Alterations in Cellular Proliferation Motility and Regulation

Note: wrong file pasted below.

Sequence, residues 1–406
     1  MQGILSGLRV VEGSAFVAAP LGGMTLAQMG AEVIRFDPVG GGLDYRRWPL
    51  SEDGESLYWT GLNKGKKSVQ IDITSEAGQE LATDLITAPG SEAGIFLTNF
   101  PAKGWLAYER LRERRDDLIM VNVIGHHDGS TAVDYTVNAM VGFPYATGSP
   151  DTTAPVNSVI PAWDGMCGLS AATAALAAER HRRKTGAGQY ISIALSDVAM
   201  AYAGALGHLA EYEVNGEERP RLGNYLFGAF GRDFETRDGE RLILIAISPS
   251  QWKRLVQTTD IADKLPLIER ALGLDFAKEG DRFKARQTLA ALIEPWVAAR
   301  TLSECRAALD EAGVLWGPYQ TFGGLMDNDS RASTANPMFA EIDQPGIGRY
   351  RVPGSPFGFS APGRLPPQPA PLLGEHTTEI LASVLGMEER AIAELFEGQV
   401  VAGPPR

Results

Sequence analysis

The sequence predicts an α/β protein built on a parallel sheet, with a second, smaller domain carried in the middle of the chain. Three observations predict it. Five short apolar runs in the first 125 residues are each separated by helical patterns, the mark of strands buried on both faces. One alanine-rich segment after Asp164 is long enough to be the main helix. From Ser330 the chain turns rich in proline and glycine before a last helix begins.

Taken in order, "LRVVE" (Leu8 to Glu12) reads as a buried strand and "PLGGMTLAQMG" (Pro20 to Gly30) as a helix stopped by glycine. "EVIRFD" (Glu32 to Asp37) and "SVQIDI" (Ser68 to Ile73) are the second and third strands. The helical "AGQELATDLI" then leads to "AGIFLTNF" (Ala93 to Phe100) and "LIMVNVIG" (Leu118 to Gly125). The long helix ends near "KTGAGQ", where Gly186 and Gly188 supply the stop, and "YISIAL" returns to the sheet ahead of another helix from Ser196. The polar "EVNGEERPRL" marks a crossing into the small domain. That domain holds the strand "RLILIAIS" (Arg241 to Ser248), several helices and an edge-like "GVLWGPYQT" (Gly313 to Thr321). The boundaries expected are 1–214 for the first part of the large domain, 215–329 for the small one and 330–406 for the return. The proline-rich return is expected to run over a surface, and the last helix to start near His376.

Fibroblasts are an important cell in wound healing in acute and chronic wounds and, in microscopic analysis, have been determined to be a major cell type in dermal biopsies from venous ulcer and lipodermatosclerotic skin.25 Interest in alterations in fibroblast growth and growth factor response from patients with venous ulcers was evaluated by biopsies taken from the ulcer margin and compared to normal ipsilateral thigh fibroblasts of the same patients. The authors found a significant reduction in proliferation and the fibro-blasts were morphologically larger and polygonal with less uniform nuclear features. However, response to growth factors (basic fibroblast growth factor, epidermal growth factor) was maintained in venous ulcer fibroblasts, albeit not to the same magnitude of control fibroblasts. These results indicated a functional abnormality with dermal fibroblasts in venous ulcers and suggested that cellular senescence may contribute to the pathophysiology of venous ulcer forma-tion.29 Other investigators also have determined that venous ulcer fibroblasts have diminished proliferative rate and an attenuated response to growth factors including platelet derived growth factor (PDGF). In addition, the fibroblasts from patients with ulcers older than three years grew significantly slower than those with ulcers less than three years.30 Certain characteristics of cellular senescence were elucidated in subsequent experiments. Venous ulcer fibroblasts contained more cells that stained positive for senescent associated^ galactosidase (specific marker for senescent state) and had increased expression of protein and mRNA product for cellular fibronectin. The authors speculated that increased accumulation of senescent cells in venous ulcers may lead to the observed impaired healing.31 Of interest, taking ulcer fibroblasts and subjecting them to progressive passage had a significant effect on the expression of senescent associated-P galactosidase compared to normal fibroblast or fibroblasts cultured from patients with varicose veins only. Not only did the ulcer fibroblasts have an increased mean number of senescent associated-P galactosidase expressing cells (63.8 ± 8.9% vs. 11.2 ± 3.1%), but after six passages nearly all the ulcer fibroblasts were senescent (>95%). These data indicated that venous ulcer fibroblasts were significantly advanced in cellular age and closer to replicative exhaustion, suggesting that the accumulation of senescent cells in venous ulcer wounds may lead to recalcitrant healing.32 In experiments evaluating the effect of bFGF on fibronectin and MMP-2 expression, fibroblasts from venous ulcer and CVI patients and in normal controls were found to increase the expression of these proteins. The implications were that bFGF mediated its effects by increasing both extracelluar matrix protein and matrix proteinase, indicating that the up-regulation of fibronectin and MMP-2 may be a normal, transient, and inducible response of these cells to bFGF. Furthermore, that ulcer fibroblasts at baseline have higher levels of fibronectin may not signify that they possess more of a senescent-like phenotype, but rather that they have been subjected to more mitogenic stimuli as a result of their slow growth or location in the ulcer environment.33